Cry Macho, Clint Eastwood’s latest film, is an exercise in patience. And it is not that its pace is slow or loses the plot quality for the benefit of the analysis of the behavior of its characters. At 91, the director seems to have learned a few things about the intimacy of cinema. And he demonstrates it through the perception of good and evil as something related to the nature of apparently insignificant things.
Also with the ability of history to unfold at a slow and delicate pace, which surprises with its elegance. Eastwood, who with Richard Jewell (2019) confronted the American conscience and failed in the attempt to capture it, finds the claim in Cry Macho. A way of narrating that surprises with its intelligence and precision. With the same rhetorical sensitivity of El Gran Torino (2008) and the sensitivity of Golpes del Destino (2005), Cry Macho returns to Eastwood’s obsessions.
Cry Macho is actually a curious look at the cinema that Eastwood admires and wishes to capture. To long silences, to redemption through spiritual effort framed in the physical. To the idea of a certain existential fatigue that can be guessed in the director’s predilection for long, sophisticated and neat shots.
The film is a careful structure that seeks to relate the old sensibility of a masculinity type that is now retrograde. But thanks to Eastwood, and his knack for visual storytelling, Cry Macho is beyond mere discussions of right or acceptable.
The director pays tribute to the cinema, which he knows, with which he became an adult and which he delves into with exemplary precision. Medium shots that are obsessed with the faces of the characters. Endless landscapes bathed in light. Low-voiced conversations in half-light. Cry Macho is much more melancholic than emotional. Also less eloquent than it could be. But still it is a small, well-constructed conversation with a deep respect for the cinematic.
It is not the best Eastwood film (it is far from the virtuosity of Unforgiven), but perhaps, a well thought out farewell to a long career. With his version about solidarity and sensitivity that currently has an archaic, Cry Macho is perhaps an unexpected relic. A gift from Eastwood for lovers of intimate and intuitive cinema that is rarely seen today.
‘Cry Macho’, the pure essence of Clint Eastwood
Before being an established director, Eastwood was an actor with tense and violent plots. And before that, the neat stereotype of the silent stranger from Sergio Leone’s Westerns. The experience left him with extensive knowledge of how to tell a story from the periphery.
Cry Macho places considerable emphasis on that unsettling sense of the fringe. He does this through an emotional debate that is not quite on display, but that allows Eastwood to do what he does best. To move with few tools and with the awareness that the film he directs is a restless look at the identity of its characters.
The story about the ill-faced man who must face an unusual situation is now part of Eastwood’s repertoire. But this time, the plot knot moves to places other than the usual ones. If in almost all his filmography ends in violence, on this occasion the director is more occupied in the tension that underlies the story.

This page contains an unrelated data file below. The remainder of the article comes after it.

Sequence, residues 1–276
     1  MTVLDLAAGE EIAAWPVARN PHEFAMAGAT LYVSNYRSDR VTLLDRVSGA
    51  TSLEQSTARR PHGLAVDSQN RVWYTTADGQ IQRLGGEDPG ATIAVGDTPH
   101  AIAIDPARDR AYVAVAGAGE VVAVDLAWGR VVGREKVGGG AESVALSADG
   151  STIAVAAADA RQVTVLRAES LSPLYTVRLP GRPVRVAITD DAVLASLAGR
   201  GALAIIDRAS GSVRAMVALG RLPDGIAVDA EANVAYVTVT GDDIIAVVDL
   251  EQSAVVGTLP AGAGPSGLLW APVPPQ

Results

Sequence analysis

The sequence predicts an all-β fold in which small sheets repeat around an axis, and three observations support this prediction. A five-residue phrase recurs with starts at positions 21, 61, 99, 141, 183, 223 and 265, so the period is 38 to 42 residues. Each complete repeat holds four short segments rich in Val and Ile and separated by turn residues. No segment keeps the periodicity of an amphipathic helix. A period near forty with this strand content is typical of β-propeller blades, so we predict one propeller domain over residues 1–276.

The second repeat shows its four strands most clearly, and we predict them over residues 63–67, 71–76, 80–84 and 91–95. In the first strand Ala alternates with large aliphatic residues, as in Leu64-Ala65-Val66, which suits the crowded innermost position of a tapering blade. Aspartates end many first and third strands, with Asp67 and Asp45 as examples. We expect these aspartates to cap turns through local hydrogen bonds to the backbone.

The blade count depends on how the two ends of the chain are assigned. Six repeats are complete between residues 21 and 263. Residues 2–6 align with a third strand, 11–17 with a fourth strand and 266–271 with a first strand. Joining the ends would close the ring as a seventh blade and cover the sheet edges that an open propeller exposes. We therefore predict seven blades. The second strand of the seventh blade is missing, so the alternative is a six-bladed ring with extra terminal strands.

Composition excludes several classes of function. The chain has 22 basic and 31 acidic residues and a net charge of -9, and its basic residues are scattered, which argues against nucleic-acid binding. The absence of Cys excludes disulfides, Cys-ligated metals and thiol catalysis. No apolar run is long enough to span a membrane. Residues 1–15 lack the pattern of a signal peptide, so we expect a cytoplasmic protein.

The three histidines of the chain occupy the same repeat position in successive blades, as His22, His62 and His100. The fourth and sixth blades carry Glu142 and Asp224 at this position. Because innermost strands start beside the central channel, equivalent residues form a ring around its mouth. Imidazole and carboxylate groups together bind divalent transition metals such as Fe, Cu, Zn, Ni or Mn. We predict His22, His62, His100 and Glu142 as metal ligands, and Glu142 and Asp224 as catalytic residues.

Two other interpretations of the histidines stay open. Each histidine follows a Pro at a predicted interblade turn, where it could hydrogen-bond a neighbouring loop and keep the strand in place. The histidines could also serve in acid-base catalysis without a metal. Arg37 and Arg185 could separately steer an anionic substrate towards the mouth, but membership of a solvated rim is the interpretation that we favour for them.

When Mike Milko (Eastwood) agrees to search for Howard Polk’s (Dwight Yoakam) 13-year-old son, he tries to keep his emotional distance. And he does so in the manner of the usual reluctant mentor who must mend the way of a wayward disciple. But Eastwood takes up the fundamental line of the premise and configures it towards a story of transit between two points of life.
Eastwood, who does not hide his advanced age and who looks tired and impatient for most of the film, create a character without too many nuances. But still it is endearing in its secret tenderness. Especially in the way he decides that Rafa (Eduardo Minett) deserves the opportunity to understand life on the fringes of violence.
The director returns to the formula he used with relative success in A Perfect World (1993) and does so through the gaze from the extremes of life. The unlikely friendship between a child and an adult is reflected on this occasion as a reflection between mirrors. The look between two spaces of a discreet journey through learning and an unknown depth about identity and time.
In the end, a journey towards a silent horizon
Eastwood, who for more than twenty years has impregnated his work with a silent and frugal rhythm, turns Cry Macho into an elegy. It is evident that the director and actor knows his limits and beyond the explanatory dialogues with small great moments of simple exhaustion.
Eastwood’s Milko is an old man and knows that he is likely to go a long way with Rafa even if it is the last thing he does. So he struggles, he prints a sense of anguish and power that amazes with his precision. Nearly a hundred years old, Eastwood still has the strength to give its stories an inevitable identity. An endearing power that amazes with its strength.
Halfway between the road trip and also a sensitive Western, Cry Macho could well be Eastwood’s farewell. But like Milko, who knows exactly where she is going and what she wants to get, Cry Macho is a look into the world of Eastwood. To his precision as a director of persistent intelligence and stubborn integrity that is undoubtedly his hallmark.
For the last scene, the movie leaves a bittersweet taste. Will it be Milko’s last trip? Eastwood’s latest movie? The film does not clarify anything similar but leaves in its wake the almost tender feeling of a late, elegant and sophisticated goodbye of profound sobriety.